How can we continue to improve outcomes for our patients with lung cancer?

Pasi A. Jänne

Pasi A. Jänne

Dana-Farber Cancer Institute, Boston

United States of America

Advances made in the treatment of advanced lung cancer are now being introduced at earlier stages of disease  

As a lung cancer research community, we have seen greater improvements in survival over the last few years than in previous decades, especially in the advanced-disease setting where most of our efforts have focussed on developing targeted and immune therapies. But how can we continue to improve outcomes for our patients?

We have had success in genotype-directed therapies for advanced lung cancer – there are now nine genetic alterations that are matched to targeted therapies – but we still use single agents in most patients, and the next phase will be to develop combination therapies in a rational way. A key question relates to which patients benefit most from combination therapy, with some patients responding well to a single targeted therapy for many years and others not responding initially or acquiring resistance. This response, or lack of it, appears to be unrelated to the specific genetic alteration but may be the result of the setting in which that alteration lies or the individual tumour’s ability to adapt to treatment. Developing a risk-stratification strategy may well be the way forward – we will assess the patient’s genetic alteration and whether they have good or poor response risk features, then this will determine if the patient receives a single agent or more intensified treatment.

Another rapidly evolving area is the idea of treating the cancer before it becomes resistant.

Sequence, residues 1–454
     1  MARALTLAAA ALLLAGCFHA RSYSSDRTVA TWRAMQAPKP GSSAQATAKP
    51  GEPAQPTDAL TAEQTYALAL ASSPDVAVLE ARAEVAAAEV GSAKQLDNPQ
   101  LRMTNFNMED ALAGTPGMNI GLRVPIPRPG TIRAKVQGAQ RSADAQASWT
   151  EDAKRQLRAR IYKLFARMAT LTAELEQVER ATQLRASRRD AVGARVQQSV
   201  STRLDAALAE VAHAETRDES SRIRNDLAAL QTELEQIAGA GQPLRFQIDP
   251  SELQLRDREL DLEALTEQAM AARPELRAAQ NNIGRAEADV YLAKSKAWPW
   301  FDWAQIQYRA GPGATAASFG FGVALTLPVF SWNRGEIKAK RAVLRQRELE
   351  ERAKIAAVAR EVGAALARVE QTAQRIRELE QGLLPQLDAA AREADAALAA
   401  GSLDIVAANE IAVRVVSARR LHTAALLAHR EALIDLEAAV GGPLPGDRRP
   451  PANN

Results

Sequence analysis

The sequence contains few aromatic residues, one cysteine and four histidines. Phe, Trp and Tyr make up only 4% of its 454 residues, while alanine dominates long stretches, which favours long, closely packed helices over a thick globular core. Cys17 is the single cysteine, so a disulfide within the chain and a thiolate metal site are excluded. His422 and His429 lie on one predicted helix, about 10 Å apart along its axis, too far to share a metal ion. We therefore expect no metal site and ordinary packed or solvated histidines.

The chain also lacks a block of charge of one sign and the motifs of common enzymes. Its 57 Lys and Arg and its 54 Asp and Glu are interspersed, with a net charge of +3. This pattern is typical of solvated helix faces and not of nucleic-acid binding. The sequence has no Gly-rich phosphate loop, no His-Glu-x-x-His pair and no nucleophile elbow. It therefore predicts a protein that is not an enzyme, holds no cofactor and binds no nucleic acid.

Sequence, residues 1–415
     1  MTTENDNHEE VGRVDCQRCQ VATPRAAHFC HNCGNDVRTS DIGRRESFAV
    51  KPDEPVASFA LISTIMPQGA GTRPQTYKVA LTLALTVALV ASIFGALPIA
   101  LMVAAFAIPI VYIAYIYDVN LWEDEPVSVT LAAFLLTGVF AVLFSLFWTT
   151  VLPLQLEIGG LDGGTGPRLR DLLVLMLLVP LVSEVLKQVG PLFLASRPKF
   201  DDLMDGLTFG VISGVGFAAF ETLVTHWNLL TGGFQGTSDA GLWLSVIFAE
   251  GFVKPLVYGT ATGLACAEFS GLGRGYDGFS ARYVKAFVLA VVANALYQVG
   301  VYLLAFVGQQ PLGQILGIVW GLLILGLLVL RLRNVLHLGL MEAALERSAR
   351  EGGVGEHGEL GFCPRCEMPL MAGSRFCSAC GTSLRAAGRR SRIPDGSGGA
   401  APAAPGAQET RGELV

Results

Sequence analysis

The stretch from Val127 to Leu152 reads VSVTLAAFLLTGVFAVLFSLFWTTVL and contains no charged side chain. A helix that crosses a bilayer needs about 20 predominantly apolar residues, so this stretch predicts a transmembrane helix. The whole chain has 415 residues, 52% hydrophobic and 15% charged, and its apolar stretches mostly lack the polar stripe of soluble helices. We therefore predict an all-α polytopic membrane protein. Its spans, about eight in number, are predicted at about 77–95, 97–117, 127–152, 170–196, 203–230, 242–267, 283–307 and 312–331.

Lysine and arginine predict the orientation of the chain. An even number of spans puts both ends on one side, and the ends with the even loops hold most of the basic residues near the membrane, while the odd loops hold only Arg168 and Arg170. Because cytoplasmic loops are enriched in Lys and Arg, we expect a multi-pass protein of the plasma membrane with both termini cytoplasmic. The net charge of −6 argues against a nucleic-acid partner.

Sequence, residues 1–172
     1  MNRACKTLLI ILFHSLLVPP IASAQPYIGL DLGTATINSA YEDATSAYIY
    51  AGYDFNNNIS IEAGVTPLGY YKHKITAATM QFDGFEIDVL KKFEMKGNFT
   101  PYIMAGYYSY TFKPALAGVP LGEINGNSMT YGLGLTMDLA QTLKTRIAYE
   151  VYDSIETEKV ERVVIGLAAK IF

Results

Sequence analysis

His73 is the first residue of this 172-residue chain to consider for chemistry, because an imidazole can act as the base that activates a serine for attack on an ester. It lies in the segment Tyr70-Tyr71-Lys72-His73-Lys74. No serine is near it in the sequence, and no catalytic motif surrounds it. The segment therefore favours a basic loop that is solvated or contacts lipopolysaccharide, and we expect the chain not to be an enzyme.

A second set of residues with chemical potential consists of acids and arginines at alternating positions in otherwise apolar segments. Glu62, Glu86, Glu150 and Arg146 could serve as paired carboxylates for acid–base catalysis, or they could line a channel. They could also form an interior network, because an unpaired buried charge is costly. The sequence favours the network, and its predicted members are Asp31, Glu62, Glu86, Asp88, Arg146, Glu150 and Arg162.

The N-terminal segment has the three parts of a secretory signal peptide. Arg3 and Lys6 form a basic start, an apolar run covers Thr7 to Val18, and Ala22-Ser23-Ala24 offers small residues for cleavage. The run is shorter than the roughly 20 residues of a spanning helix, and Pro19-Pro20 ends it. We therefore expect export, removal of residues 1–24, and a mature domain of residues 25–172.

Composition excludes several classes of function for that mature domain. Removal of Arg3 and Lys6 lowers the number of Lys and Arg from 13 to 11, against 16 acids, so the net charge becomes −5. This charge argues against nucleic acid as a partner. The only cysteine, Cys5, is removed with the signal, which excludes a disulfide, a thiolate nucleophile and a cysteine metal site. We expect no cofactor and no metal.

Patients can have dramatic initial treatment responses, but the cancer may not disappear and it remains as a residual tumour. We know that the residual tumour is where disease progression happens and is the nidus of resistance development. Instead of waiting for resistance to occur, we could intervene at this intermediate stage and either prevent residual disease developing or focus on treating it specifically. In this way, I think we can extend the benefits of our current therapies and have further impact on long-term outcomes. However, we need a greater understanding of residual disease and its components before we can design strategies to target it. This is a key subject within translational research, along with identifying new oncogenic drivers and resistance mechanisms.

As a research community, we have focussed on developing targeted and immune therapies for advanced lung cancer, but we are now seeing many of these advances being introduced at earlier stages of the disease where the goal for more individuals is cure. Approved therapies, both targeted and immunotherapies, are being used in the adjuvant setting, with testing of multiple other new treatments underway. In addition, we are now figuring out the best therapies to use before surgery, in the neoadjuvant setting. We are on the cusp of understanding how to treat cancer earlier and I think there will be much more work on this over the coming years.

Lung cancer treatment has come such a long way, and by exploring these additional areas, I think there is hope for continued progress.

Don't miss:

Lung cancer in 2030. European Lung Cancer Congress 2022

Keynote Lecture, 01.04.2022, h. 12:10 – 12:40, Congress Hall

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